Keeping the pipes clean and the wires intact: an opinionated take on NEJM highlights for January 2017

An innovative modality to suppress PCSK9

Antisense technology relies on the concept that it is possible to interfere with the cellular genetic machinery in very specific ways by deploying short RNA sequences that are complementary to the message that one wants to suppress. The idea has been around for a while, but has only achieved limited success in very niche indications (see here for the two latest). This is what makes the publication of phase 1 trial of the antisense agent inclisiran (Alnylam and the Medicines Company) targeting the synthesis of PCSK9 so exciting: one subcutaneous injection appears to lower cholesterol for 6+ months – this is to be compared with injections every 2-4 weeks for antibody therapy. It’s great convenience, but at the same time, a drug that acts on endogenous genetic material with an effect that lasts for many months, and might even be permanent… one would expect the FDA to be hard-nosed about its assessment of the safety profile (especially with potential signs of liver toxicity uncovered subsequently). A Highly Durable RNAi Therapeutic Inhibitor of PCSK9; Oligonucleotide Therapeutics — A New Class of Cholesterol-Lowering Drugs; Targeting Therapeutic Oligonucleotides (subscriber access)


At last, progress in primary progressive MS

MS is a disabling disease, but for most patients the last two decades have brought great progress with disease modifying therapies. Unfortunately this has not been the case for the 10-15% of patients with primary progressive form of MS (PPMS) for whom there are no good treatment options. In a first, the monoclonal antibody ocrelizumab (Roche, with some rights to Biogen) was shown in a randomized blinded phase 3 trial to decrease (although by a small amount) the disability progression in PPMS. This positions ocrelizumab as a treatment of choice not only for PPMS, but also for other forms of MS that have progressed (as tends to eventually be the case). Interestingly ocrelizumab is directed at the B cell marker CD20, which is the same target as the stalwart rituximab (Biogen, approved in 1997) and which had not been shown to be effective in prior trials. Clearly not all antibodies are equal, but several other anti-CD20 (ublituximab – TG therapeutics; ofatumumab – GSK) are waiting in the wings and we will likely hear more from them in MS in the next few years. Ocrelizumab versus Placebo in Primary Progressive Multiple Sclerosis; Ocrelizumab versus Interferon Beta-1a in Relapsing Multiple Sclerosis; B-Cell Depletion — A Frontier in Monoclonal Antibodies for Multiple Sclerosis (subscriber access)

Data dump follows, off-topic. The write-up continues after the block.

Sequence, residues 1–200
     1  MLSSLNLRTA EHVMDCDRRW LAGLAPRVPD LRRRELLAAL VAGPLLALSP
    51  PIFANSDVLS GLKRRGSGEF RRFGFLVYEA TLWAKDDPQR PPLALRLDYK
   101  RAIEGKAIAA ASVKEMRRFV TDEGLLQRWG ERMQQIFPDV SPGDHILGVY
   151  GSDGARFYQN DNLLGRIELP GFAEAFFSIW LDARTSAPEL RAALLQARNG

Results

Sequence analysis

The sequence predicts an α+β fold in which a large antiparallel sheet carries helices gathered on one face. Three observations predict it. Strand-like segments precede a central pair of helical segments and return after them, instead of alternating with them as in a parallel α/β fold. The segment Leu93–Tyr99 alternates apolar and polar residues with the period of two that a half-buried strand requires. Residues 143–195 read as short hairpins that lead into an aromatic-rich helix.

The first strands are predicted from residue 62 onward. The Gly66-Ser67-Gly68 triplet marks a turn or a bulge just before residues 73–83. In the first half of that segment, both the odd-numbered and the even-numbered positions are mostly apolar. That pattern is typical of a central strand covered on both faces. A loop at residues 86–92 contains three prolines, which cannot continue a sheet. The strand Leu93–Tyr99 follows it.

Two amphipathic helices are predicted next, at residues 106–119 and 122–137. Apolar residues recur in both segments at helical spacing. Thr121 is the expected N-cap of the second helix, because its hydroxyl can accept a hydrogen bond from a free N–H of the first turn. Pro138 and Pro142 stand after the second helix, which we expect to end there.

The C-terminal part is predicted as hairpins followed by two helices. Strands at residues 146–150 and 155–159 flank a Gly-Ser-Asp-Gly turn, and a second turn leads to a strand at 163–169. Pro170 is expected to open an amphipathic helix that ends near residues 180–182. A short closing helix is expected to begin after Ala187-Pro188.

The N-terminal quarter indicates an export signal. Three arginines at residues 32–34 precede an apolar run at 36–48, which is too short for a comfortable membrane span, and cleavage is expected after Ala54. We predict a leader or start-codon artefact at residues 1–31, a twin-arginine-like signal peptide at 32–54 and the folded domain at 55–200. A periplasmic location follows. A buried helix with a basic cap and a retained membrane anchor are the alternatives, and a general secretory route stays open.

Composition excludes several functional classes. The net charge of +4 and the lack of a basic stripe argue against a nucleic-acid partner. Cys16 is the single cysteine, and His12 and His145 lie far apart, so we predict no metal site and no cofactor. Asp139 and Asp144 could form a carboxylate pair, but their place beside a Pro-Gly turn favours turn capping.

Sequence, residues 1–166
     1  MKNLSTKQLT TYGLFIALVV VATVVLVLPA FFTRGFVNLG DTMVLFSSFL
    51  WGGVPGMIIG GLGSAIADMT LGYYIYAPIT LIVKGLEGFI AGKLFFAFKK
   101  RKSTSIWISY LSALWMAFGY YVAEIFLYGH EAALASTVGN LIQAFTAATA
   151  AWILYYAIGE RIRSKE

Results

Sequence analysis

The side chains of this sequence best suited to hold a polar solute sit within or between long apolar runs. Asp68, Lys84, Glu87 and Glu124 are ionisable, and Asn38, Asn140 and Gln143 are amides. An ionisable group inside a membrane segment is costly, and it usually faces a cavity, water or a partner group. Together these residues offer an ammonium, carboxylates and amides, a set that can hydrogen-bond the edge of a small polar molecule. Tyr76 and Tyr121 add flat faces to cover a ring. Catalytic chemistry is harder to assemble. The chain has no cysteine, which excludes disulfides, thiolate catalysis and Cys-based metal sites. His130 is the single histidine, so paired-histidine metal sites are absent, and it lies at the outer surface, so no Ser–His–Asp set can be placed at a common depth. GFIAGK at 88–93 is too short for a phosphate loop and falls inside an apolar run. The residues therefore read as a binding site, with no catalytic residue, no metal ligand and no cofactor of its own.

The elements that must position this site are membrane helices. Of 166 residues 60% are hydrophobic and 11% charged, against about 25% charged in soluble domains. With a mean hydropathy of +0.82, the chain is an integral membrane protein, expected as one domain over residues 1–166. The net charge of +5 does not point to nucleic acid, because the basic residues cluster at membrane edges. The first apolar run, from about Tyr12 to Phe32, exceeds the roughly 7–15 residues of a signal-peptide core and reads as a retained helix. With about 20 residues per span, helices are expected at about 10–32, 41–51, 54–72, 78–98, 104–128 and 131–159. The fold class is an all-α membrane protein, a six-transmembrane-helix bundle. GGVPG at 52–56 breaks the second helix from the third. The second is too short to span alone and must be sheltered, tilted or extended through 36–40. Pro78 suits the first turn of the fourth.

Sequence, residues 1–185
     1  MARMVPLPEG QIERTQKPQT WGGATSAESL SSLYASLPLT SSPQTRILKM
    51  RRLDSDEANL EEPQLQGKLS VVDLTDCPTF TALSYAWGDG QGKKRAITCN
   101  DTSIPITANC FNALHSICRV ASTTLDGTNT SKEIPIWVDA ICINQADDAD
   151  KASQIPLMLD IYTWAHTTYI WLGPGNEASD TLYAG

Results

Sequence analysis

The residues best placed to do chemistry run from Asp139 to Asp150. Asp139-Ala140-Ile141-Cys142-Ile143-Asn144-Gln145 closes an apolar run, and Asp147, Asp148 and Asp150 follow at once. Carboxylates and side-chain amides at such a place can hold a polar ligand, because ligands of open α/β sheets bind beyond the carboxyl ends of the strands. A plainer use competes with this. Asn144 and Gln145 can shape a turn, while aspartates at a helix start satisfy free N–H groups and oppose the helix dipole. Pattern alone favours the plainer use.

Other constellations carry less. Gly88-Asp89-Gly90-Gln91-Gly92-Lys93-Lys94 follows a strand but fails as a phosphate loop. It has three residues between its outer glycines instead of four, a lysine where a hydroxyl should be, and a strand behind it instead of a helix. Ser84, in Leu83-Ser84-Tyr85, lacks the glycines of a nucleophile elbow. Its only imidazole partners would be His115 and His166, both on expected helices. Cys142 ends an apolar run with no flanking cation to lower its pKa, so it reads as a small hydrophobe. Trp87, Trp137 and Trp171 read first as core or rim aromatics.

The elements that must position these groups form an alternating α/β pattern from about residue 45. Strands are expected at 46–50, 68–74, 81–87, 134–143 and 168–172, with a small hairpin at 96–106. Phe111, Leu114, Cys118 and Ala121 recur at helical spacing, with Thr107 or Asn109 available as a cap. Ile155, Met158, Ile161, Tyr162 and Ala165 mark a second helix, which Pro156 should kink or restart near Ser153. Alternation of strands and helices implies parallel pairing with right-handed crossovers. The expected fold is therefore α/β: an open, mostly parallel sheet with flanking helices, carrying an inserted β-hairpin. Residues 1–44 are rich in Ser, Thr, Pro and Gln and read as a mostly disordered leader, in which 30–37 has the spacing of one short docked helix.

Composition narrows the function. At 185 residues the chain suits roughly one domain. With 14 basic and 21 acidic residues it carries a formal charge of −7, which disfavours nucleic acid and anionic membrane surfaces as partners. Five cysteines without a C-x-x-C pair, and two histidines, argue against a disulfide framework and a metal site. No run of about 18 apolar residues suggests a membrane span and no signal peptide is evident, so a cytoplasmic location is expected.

Notable from former President Obama

Repealing the ACA without a Replacement — The Risks to American Health Care (free access)


The New England Journal of Medicine is a premier weekly medical journal covering many topics of interest to the health sector. In this monthly series we offer an opinionated perspective on selected highlights that might be of interest to our clients and others.

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